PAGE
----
If you are like many small business owners, you’ll have to search for some of these items. After you gather all of the above items, you should spend some time updating the information and filling in the blanks. You most likely have forgotten much of this information, so it’s a good idea to really take a hard look at all of this. Have all of the above put in a neat, orderly format as if you were going to present it to a prospective purchaser. Everything starts with this information.

A Seller has to make sure the financial statements of the business are current and as accurate as you can get them. If you’re half way through the current year, make sure you have last year’s figures and tax returns, and also year-to-date figures. Make all of your financial statements presentable. It will pay in the long run to get outside professional help, if necessary, to put the statements in order. You want to present the business well “on paper.” As you will see later, pricing a small business usually is based on cash flow. This includes the profit of the business, as well as the owner’s salary and benefits, the depreciation, and other non-cash items. So don’t panic because the bottom line isn’t what you think it should be. By the time all of the appropriate figures are added to the bottom line, the cash flow may look pretty good.

Prospective buyers eventually will want to review your financial figures. A Balance Sheet is not normally necessary unless the sale price of your business would be well over the $1 million figure. Buyers want to see income and expenses. They want to know if they can make the payments on the business (more on this later) and still make a living. Let’s face it, if your business is not making a living wage for someone, it probably can’t be sold. You may be able to find a buyer who is willing to take the risk, or an experienced industry professional who only looks for location, etc. and feels that he or she can increase business.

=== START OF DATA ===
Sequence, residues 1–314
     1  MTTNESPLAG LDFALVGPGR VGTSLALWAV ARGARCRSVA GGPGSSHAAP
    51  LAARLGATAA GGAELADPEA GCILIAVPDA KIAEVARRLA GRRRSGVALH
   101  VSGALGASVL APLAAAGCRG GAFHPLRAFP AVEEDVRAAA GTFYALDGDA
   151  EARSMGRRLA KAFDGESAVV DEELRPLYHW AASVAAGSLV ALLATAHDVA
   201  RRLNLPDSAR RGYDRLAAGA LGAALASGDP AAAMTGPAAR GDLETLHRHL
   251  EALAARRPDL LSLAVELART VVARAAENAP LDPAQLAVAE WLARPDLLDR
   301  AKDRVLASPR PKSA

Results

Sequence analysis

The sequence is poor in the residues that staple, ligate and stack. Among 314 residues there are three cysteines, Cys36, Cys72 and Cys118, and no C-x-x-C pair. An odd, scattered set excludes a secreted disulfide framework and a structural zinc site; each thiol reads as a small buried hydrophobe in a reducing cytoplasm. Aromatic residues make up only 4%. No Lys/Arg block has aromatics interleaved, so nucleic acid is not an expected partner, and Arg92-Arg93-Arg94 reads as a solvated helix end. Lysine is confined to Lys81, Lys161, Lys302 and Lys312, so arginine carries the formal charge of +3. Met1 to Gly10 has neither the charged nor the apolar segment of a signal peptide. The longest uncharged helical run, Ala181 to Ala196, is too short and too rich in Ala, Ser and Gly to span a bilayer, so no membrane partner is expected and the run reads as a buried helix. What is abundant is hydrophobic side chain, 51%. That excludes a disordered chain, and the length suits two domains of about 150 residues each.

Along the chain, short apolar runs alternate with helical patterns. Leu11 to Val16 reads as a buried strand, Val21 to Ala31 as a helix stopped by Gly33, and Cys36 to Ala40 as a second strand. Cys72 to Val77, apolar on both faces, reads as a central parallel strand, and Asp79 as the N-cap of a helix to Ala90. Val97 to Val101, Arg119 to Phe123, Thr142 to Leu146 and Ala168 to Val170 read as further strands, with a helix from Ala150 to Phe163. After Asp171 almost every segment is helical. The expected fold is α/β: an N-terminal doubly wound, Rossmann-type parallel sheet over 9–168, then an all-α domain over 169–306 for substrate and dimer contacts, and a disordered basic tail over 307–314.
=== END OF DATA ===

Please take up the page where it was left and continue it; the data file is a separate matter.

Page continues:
Tax and legal consequences

The big question is not really how much your business will sell for, but how much of it can you keep? The Federal Tax Laws determine how much money you will actually be able to put in the bank. How your business is legally formed can be important in determining your tax status when selling your business. For example: Is your business a corporation, partnership or proprietorship? If you are incorporated, is the business a C corporation or a sub-chapter S corporation? There are also tax rules that impact certain businesses on seller financing. The point of all of this is that before you consider price or even selling your business, it is important that you discuss the tax implications of a sale of your business with a tax advisor. You don’t want to be in the middle of a transaction with a solid buyer and discover that the tax implications of the sale are going to net you much less than you had figured. Meet with Attorney and accountant.

Attracting and Qualifying Business Buyers

Marketing your business effectively requires a combination of marketing channels. We use an extensive network of internet advertising, newspaper advertising, direct mail and business broker association marketing to present your business to as many qualified buyers as possible.

Getting the Sales Contract

Once a potential buyer becomes aware of the opportunity your business presents, has signed a non-disclosure, been financially qualified and had the opportunity to review your company’s presentation file the real selling process starts. Typically, the best way to present the business in detail is to schedule a meeting with the seller. When the buyer decides your business is the right one for them we work with them to structure an offer. We will then present the offer to you, help negotiate the process, and turn the offer into a sales contract. Often, the terms of the sale are just as important as the price.

Closing the Deal

Once the contract is in place there are a number of hurdles to clear before you sit down at the closing table. Due diligence, lease negotiations, financing, asset allocations, etc. all need to be completed as quickly and efficiently as possible to assure a smooth transition. We can assist you in all aspects of this very important process and help you get to the closing table.

Questions from the Buyer

Here are some questions that you might be asked – and, should be prepared to answer:

  • How much money is required to buy the business?
  • What is the annual increase in sales?
  • What is the debt?
  • Will the seller train and stay on for a while?
  • What makes the business different/special/unique?
  • What further defines the product or service? Bid work? Repeat business?
  • What can be done to grow the business?
  • What can the buyer do to add value?
  • What is the profit picture in bad times as well as good?

Please also see our Resources Section for checklists & documents required.